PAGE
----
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U.S. Securities and Exchange Commission

UNITED STATES SECURITIES AND EXCHANGE COMMISSION
WASHINGTON, D.C.

LITIGATION RELEASE NO. 17660 / August 6, 2002

SECURITIES AND EXCHANGE COMMISSION v. EPHONE, INC., et al., 02 Civ. 4365 (LDW) (U.S.D.C., E.D.N.Y.)

The Securities and Exchange Commission today charged 20 persons and entities in connection with the fraudulent offer and sale of securities in three companies purportedly formed to establish long distance telephone service through the internet. The defendants conducted these offerings between July 1999 and December 2000 and raised over $2.9 million from investors throughout the United States. The offerings were fraudulent because the defendants falsely stated that the funds would be used for business purposes when in fact a substantial portion of the offering proceeds went for undisclosed cash commissions to the persons who organized and conducted the offerings. The defendants include the issuers and their principals, the persons who orchestrated the offerings, 10 unregistered brokers who sold the securities to investors, and a person who aided and abetted the fraudulent schemes by introducing telemarketers to the schemes and providing lists of prospective investors.

Named in the Commission's Complaint filed in the United States District Court for the Eastern District of New York are:

  • Ephone, Inc. ("Ephone"), a Nevada corporation in the business of providing internet-based long distance telecommunications.

  • Webphone, LLP ("Webphone"), Colorado limited liability partnership headquartered in Ft. Lauderdale, Florida that is in the business of providing internet-based long distance telecommunications.

  • Newera Communications, LLP ("Newera"), Colorado limited liability partnership headquartered in San Diego, California that is in the business of providing internet-based long distance telecommunications.

  • Arash Noorai ("Noorai"), 32 of San Diego, California. Noorai was the president of Ephone and controlled Webphone and Newera.

  • Donald Plain ("Donald Plain"), 63 of La Jolla, California. Plain organized the independent sales offices (ISOs) that sold Ephone, Webphone and New Era securities to investors.

  • Christopher Plain ("Chris Plain"), 33 of Santa Ana, California, is D. Plain's son and assisted in organizing the Ephone, Webphone and New Era offerings.

  • Peter Bertorelli ("Bertorelli"), age 39 and a resident of Charlotte, North Carolina, introduced Plain to telemarketers who sold the Ephone, Webphone and Newera offerings and also sold lists of prospective investors.

  • Electronic Audio Services, Inc. ("Electronic Audio"), a Colorado corporation controlled by Donald Plain, was the initial managing partner of Newera.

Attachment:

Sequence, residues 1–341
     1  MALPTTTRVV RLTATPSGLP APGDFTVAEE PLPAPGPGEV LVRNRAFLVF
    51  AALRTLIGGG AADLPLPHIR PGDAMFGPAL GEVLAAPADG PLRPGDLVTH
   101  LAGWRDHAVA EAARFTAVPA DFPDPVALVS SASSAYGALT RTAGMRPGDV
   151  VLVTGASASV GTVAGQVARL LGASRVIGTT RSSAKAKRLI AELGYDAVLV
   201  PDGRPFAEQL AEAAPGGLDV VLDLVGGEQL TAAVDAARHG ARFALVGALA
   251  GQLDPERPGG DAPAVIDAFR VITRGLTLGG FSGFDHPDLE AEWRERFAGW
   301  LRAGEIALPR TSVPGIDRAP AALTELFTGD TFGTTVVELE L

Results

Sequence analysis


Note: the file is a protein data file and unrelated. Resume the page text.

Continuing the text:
• Netcall, Inc. ("Netcall"), a Nevada corporation that is owned and controlled by Donald Plain and Chris Plain.

  • Webphone, Inc. ("Webphone, Inc."), a Nevada corporation, was the Initial Managing Partner of Webphone. Donald Plain controlled Webphone, Inc.

In addition, the Commission's Complaint charges the following unregistered brokers who cold-called investors to sell Ephone, Webphone and New Era securities:

  • Theodore Bender ("Bender"), 51, of St. Petersburg, Florida.

  • Donald Kerns ("Kerns"), 40, of Sylmar, California.

  • Patricia Ledezma ("Ledezma"), 50, of Carlsbad, California.

  • Philip Leitner ("Leitner"), age 66, is currently incarcerated at the Fort Eglin Federal Prison Camp at Fort Eglin, Florida.

  • Kevin Luce ("Luce"), 41, of Las Vegas, Nevada.

  • Douglas Parnell ("Parnell"), 29, of San Diego, California.

  • Sally Savinsky ("Savinsky"), 55, of Cardiff, California.

  • Anthony Stark ("Stark"), 40, of Mission Viejo, California.

  • Dana Valensky ("Valensky"), 52, of Laguna Niguel, California.

  • Thomas Don Walker ("Walker"), 47, of Santa Monica, California.

According to the Complaint, Ephone, Webphone and Newera were entities formed by Noorai for the purpose of establishing long distance telephone service through the internet. Each issuer conducted its securities offerings through a nationwide network of boiler rooms (called "Independent Sales Offices" or "ISOs") organized by Donald Plain and his son Chris Plain to market their unregistered offerings to investors. The Complaint alleges that the particular defendants involved in each offering falsely stated that the investor funds would be used for business purposes when in truth the issuers had agreed to pay undisclosed cash commissions of 40% to 45% to the ISOs. Of the approximately $2.9 million raised from investors, about $1.2 million - 42% - was paid to Donald Plain, Chris Plain, Bertorelli and the ISO telemarketers they coordinated.

All of the defendants, except Bertorelli, are charged with violations of Sections 5(a), 5(c) and 17(a) of the Securities Act of 1933 ("Securities Act"), Section 10(b) of the Securities Exchange Act of 1934 ("Exchange Act"), and Rule 10b-5. Bertorelli is charged with aiding and abetting violations of Section 10(b) of the Exchange Act and Rule 10b-5. Donald Plain, Chris Plain and the unregistered brokers are also charged with violations of Section 15(a) of the Exchange Act.

The Complaint seeks a final judgment: (i) enjoining the defendants from future violations of the above-cited provisions, (ii) requiring the disgorgement of their ill-gotten gains, plus prejudgment interest; (iii) assessing civil penalties; and (iv) barring Noorai from acting as an officer or director of any public company.


*  SEC Complaint in this matter.


http://www.sec.gov/litigation/litreleases/lr17660.htm

Modified: 08/08/2002